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Adobo ka ba?

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EVERYONE’S adobo is different. It can be likened to friendships and relationships, where preferences might differ, but the essential ingredients to making these last and savory are the same.

I met Bill in 1999. He had just relocated up here in Baguio with his partner, an OFW (overseas Filipino worker). Bill and I instantly got close because of our penchant for good books and good food. Also, we were both out of work, I being in between film projects and he having concluded a tumultuous job as a freelance photojournalist around Southeast Asia.

Regularly, Bill would call me up to keep him company in his townhouse (his partner having gone back to the United States to work) and to cook. It got to be a drag that one evening at a bar in Baguio City Bill and I agreed to go to the market and cook adobo the next day but had thought of inviting some male guests over for lunch. We had checked and double-checked prospective dates but had come up with an empty guest list for some reason or another.

Then, we decided to scout around the bar, befriending the other men. Our sole criterion being: we would invite the males who answered correctly to our multiple-choice question: “Excuse me, anong gusto mo? a) pasta, b) inihaw, c) sinigang, or d) adobo?” Those who answered adobo, we invited for lunch the next day. The weekend after, it was pochero. Same question-and-answer portion. The men did provide us with giddy delight. They were decent at the same time naughty and oh-so-terribly cautious. But oh, how Bill could charm them. He was after all not just extremely good-looking, he was also witty, engaging and had a positive aura about him. This we did to while our time away and to meet new friends in this cold, boring mountain city. Metro Manila has more to offer young, single males the likes of Bill and me.

My good friend Melvin taught me to cook my now much-sought-after chicken-pork adobo. He told me it is a family recipe handed down to him from his older relatives. Melvin’s adobo is like the one in the TV ad — “nanunuot sa sarap” (steeped in flavor). When he first introduced me to his adobo, we exchanged variations on the dish. I told him I grew up with cold adobo that we used to pack during outings to the beach. This cold adobo had potatoes in it. To this day, I still prefer a cold, day-old adobo (with quartered potatoes) eaten with steaming, hot rice. And Melvin quipped: “Ang adobo parang pasta din ‘yan. Puwede kang maglagay ng kung anu-ano basta importante ‘yung suka, toyo, bawang!” (Adobo is just like pasta. You can put any ingredient you want for as long as you cook it in vinegar, soy sauce and garlic). That stuck to me. Adobo ay parang pasta. Once, to impress a French friend, I cooked my chicken-pork adobo including potatoes, boiled quail eggs and olives in the pot a tad laced with honey in lieu of the brown sugar. Pretensiyosa! Pero masarap! (How pretentious! But delicious, anyhow!)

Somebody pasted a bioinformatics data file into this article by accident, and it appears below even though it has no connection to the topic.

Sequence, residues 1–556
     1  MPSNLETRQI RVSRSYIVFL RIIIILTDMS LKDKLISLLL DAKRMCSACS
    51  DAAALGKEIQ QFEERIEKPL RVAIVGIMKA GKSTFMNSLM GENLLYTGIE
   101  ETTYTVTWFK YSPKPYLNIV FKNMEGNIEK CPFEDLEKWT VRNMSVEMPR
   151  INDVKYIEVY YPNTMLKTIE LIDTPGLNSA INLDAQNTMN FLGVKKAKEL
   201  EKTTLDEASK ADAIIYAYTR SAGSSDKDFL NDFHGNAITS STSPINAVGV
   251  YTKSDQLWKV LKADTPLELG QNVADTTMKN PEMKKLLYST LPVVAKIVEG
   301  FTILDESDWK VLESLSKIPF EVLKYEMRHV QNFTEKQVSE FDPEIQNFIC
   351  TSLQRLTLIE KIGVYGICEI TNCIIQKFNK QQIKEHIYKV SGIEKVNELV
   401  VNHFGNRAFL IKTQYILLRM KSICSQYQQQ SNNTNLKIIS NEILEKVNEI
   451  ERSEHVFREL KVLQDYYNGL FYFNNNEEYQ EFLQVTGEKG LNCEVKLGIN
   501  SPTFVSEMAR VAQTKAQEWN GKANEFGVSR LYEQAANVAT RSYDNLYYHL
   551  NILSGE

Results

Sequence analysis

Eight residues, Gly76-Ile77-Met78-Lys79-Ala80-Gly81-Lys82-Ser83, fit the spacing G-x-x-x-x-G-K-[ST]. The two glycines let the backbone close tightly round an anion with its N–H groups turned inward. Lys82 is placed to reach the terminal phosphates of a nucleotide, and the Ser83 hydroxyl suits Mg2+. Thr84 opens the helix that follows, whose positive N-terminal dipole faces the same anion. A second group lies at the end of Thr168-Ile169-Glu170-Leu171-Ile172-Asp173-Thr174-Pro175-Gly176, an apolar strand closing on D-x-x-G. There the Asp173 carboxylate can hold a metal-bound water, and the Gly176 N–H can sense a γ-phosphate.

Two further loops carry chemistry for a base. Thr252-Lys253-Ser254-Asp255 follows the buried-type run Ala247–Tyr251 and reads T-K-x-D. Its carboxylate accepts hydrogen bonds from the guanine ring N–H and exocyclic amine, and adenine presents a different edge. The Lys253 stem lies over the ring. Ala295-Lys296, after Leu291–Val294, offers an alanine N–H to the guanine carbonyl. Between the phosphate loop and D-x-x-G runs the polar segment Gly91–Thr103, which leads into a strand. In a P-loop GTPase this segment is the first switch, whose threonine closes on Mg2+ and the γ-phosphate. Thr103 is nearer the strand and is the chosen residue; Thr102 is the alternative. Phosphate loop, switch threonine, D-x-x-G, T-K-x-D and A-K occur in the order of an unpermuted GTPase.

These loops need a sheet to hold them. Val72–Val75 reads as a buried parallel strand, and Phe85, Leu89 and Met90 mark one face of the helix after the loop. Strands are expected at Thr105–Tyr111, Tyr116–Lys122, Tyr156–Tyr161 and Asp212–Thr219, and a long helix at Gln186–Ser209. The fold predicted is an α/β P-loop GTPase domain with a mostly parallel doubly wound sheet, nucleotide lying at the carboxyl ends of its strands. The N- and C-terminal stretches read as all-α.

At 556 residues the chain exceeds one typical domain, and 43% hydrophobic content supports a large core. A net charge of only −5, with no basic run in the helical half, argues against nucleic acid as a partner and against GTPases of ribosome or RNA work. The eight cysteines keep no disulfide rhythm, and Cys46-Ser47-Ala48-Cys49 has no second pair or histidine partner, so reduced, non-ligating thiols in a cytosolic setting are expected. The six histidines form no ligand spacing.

Melvin is an accomplished assistant director for TV commercials. That is his bread and butter, his passion being theater. He is likewise known in theatre circles as a competent actor, dancer, choreographer, production manager, vocalist and director. And needless to say, Melvin is gay. Recently, we had gotten in touch again despite our conflicting schedules to keep abreast of our respective lives. Melvin’s input into the advertising world has paid off. The long, grueling hours that led to years has enabled him to be in a position of relative financial security. He no longer rents a cramped apartment but has moved into a fully-paid townhouse in the south of Manila. He has a car and driver and a stay-in maid. In other words, he is now a senyora. Should he gain more weight and grow a bouffant, he will classify as a matrona. Kidding aside, Melvin’s fervent wish to “complete” his life is having a partner he can share his blessings with.